Virtual Mentor. October 2000, Volume 2, Number 10.
On November 1, 1999, Walter "Sweetness" Payton, the Chicago Bears' Hall of Fame running back and the NFL's career rushing leader, died of cancer that was a complication of his rare liver disease. Payton was 45 years old. Payton had been diagnosed with primary sclerosing cholangitis (PSC) in 1998, a rare and debilitating disease that afflicts only three in 100,000 people and leads to cirrhosis and liver failure. At an emotional news conference on February 2, 1999, a frail and jaundiced Payton announced his condition, stating that the only cure would be a liver transplant.
"Am I scared? Hell yeah, I'm scared. Wouldn't you be scared?" he asked. "But it's not in my hands anymore. It's in God's hands."
"I'm looking at it as a sprained ankle or a twisted knee," he said. "I have to stay positive. Nobody else can make me stay positive. I have to do that. Then whatever happens, happens. If in 2 years something happens and I get a transplant and my body accepts it and I go on, that's fine. And if in 2 years I don't, then that's the way life was meant to be for me."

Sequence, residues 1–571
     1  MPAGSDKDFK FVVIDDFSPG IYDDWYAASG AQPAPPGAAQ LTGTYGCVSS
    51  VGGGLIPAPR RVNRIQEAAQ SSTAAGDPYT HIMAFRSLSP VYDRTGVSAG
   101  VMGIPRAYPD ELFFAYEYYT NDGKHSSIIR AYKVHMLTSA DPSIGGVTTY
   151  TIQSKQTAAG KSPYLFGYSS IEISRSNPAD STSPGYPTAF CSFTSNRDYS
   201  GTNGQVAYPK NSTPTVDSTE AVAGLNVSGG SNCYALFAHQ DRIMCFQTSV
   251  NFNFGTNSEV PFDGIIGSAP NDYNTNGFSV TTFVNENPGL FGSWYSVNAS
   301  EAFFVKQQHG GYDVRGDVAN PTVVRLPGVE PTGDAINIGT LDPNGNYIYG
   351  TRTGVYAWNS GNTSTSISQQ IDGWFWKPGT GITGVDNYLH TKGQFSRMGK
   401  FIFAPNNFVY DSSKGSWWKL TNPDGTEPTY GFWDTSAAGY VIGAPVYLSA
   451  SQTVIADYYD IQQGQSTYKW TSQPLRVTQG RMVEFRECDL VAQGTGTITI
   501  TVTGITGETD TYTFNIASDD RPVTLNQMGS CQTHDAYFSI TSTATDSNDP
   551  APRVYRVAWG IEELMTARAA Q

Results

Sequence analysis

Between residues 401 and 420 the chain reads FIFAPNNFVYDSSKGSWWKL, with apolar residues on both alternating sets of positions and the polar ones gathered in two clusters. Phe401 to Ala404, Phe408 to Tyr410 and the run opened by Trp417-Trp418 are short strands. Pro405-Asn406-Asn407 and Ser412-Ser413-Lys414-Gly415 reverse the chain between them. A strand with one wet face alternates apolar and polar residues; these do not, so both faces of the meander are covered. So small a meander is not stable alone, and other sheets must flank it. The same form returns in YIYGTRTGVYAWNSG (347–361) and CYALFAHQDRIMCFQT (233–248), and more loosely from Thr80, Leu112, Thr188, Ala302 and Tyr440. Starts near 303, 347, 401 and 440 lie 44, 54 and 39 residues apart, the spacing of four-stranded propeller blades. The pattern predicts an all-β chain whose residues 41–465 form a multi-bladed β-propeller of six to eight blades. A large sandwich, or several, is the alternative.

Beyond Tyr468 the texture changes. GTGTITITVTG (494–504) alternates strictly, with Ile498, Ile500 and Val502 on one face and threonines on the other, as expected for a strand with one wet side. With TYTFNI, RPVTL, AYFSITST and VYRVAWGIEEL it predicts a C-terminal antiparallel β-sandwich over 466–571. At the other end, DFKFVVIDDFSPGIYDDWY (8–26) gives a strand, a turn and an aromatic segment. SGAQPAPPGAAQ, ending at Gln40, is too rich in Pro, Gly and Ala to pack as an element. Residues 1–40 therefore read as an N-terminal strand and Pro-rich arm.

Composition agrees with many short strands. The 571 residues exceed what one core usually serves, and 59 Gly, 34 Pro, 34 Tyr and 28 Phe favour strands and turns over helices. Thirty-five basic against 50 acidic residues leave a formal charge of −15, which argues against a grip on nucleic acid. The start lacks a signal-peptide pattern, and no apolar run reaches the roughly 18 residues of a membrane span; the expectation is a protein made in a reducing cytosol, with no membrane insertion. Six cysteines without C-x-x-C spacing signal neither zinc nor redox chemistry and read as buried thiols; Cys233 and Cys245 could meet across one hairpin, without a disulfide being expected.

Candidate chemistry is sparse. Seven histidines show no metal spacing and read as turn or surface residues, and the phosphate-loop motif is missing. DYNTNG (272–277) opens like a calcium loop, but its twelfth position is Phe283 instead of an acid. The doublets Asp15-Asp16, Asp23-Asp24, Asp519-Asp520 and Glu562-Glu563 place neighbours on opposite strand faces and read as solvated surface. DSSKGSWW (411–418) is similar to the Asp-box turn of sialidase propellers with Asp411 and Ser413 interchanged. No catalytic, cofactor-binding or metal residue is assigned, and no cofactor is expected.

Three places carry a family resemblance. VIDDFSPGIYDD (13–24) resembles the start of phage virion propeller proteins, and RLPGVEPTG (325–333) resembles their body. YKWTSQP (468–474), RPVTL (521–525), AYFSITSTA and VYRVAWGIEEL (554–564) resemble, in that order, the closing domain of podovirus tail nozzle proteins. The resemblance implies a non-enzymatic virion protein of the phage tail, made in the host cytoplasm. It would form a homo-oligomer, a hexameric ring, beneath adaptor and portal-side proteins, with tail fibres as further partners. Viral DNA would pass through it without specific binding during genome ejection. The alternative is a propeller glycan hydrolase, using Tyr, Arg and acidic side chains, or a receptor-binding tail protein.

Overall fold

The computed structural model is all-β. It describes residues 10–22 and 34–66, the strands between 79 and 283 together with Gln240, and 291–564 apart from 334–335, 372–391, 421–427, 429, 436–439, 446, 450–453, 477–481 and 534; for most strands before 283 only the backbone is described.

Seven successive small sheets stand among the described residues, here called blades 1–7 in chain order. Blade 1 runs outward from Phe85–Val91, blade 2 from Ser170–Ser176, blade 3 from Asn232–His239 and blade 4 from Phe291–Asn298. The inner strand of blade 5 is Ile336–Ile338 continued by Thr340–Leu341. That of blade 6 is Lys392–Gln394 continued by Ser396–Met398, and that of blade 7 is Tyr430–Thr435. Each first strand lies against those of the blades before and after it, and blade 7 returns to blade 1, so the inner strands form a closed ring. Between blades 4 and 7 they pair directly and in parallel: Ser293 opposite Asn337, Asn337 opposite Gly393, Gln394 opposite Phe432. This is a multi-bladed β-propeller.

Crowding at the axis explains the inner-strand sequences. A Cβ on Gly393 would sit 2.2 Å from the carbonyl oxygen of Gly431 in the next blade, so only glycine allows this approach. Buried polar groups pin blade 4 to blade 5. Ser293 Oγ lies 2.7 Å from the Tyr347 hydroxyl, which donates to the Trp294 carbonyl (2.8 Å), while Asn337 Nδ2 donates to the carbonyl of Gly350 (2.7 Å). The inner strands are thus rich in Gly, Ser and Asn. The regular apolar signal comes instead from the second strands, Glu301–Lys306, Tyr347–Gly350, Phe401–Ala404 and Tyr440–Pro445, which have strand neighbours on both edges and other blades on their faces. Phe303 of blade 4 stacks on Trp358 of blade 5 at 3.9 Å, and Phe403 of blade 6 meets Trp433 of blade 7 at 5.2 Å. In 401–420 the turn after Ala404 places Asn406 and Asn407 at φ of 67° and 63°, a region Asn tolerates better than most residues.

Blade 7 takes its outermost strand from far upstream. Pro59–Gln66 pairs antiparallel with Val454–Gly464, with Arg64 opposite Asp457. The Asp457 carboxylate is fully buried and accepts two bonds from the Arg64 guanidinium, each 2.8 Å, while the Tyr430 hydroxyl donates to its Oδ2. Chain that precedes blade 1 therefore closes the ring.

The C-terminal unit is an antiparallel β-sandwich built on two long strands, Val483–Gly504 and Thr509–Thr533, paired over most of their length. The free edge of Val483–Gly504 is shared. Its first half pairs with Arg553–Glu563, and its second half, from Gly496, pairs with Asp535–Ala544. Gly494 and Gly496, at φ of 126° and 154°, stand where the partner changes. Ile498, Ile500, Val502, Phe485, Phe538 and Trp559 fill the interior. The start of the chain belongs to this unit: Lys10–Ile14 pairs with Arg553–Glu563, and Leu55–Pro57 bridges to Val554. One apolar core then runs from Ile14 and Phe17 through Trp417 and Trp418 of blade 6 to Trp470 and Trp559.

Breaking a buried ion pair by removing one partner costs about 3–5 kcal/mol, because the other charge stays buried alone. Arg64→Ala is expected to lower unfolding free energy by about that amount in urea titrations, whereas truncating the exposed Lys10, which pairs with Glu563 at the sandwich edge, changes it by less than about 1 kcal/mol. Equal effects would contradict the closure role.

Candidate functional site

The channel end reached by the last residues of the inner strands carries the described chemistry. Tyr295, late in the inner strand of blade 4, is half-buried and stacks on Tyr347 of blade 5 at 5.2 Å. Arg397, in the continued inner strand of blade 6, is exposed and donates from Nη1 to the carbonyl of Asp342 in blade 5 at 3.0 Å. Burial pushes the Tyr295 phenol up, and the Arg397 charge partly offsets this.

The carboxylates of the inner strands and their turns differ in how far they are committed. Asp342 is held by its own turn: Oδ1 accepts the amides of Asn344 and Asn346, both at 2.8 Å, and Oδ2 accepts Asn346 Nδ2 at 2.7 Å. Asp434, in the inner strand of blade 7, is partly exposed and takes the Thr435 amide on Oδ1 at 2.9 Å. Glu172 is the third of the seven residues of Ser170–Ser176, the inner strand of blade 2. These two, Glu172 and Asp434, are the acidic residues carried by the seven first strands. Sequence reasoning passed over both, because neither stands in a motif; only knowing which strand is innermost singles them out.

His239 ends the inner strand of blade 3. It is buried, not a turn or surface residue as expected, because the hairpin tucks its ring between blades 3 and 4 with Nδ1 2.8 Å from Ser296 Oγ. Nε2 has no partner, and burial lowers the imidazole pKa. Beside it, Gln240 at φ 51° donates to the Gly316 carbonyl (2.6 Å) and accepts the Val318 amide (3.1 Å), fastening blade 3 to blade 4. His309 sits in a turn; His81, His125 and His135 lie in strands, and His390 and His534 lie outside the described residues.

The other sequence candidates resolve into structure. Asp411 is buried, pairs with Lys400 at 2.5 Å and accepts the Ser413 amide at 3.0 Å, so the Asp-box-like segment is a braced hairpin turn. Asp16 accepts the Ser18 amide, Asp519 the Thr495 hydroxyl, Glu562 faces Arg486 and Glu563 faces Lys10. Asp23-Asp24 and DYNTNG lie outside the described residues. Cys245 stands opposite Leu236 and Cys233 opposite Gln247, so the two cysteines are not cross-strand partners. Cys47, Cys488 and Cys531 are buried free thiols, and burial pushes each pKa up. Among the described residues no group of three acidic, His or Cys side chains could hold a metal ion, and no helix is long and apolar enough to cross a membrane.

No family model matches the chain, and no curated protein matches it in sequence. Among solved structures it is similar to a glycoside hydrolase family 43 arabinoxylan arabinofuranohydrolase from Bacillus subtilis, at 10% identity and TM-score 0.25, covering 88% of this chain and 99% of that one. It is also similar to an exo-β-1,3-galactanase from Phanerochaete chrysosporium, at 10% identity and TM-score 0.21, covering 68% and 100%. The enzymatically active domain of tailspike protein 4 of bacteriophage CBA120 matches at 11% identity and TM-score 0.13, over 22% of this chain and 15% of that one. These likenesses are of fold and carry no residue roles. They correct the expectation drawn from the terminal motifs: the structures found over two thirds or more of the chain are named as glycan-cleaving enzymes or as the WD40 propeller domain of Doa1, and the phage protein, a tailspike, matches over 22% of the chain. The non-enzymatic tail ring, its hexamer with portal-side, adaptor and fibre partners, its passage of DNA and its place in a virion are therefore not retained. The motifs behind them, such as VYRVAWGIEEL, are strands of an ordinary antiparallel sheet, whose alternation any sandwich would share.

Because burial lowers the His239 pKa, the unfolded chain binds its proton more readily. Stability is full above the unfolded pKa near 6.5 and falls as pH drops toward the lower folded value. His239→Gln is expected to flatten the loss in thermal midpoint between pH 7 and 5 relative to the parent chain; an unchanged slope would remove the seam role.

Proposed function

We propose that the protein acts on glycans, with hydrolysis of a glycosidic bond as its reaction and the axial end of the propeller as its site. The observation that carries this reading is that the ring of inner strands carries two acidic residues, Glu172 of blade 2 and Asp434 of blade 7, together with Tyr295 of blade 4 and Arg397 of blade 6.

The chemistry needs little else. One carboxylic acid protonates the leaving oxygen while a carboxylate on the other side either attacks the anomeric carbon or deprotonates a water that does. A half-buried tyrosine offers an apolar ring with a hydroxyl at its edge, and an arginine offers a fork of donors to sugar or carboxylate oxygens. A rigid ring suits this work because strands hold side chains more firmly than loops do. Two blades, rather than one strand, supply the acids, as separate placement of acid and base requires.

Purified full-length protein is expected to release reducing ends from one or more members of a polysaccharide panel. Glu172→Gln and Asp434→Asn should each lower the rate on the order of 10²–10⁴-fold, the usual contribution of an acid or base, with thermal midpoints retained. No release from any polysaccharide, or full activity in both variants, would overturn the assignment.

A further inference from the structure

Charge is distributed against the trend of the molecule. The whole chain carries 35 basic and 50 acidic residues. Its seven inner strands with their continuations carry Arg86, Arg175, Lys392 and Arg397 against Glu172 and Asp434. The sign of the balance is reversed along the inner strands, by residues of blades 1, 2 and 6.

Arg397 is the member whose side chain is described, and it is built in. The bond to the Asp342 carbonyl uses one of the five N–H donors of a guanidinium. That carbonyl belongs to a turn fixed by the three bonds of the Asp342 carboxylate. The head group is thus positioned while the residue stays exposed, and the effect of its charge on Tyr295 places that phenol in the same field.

Sadly, Payton would not even live out the year. He developed bile duct cancer, a known complication of PSC, ending his chances for a liver transplant. Once a PSC patient has cancer, a liver transplant is no longer an option, since the drugs needed to keep the body from rejecting the new liver make tumors grow faster.
Payton's approach to his illness showed the same strength, fight, and grace that characterized his bruising running style. "If I'm going to get hit," Payton said, "why let the guy who's going to hit me get the easiest and best shot? I explode into the guy who's trying to tackle me." On the field, Payton took hits, dragged tacklers down the field, and stiff-armed his competition as he rushed for a record setting 16,726 yards in his 13-year career. "Never die easy," a saying of one of his old coaches, came to signify his running style, his determination to keep going despite the obstacles thrown in his path, and, ultimately, his attitude toward the end of his life. Payton's memory lives on through the work of The Walter Payton Foundation & The Alliance for the Children and the Walter Payton Cancer Fund.
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© 2000 American Medical Association. All Rights Reserved. This article first appeared in August 2000.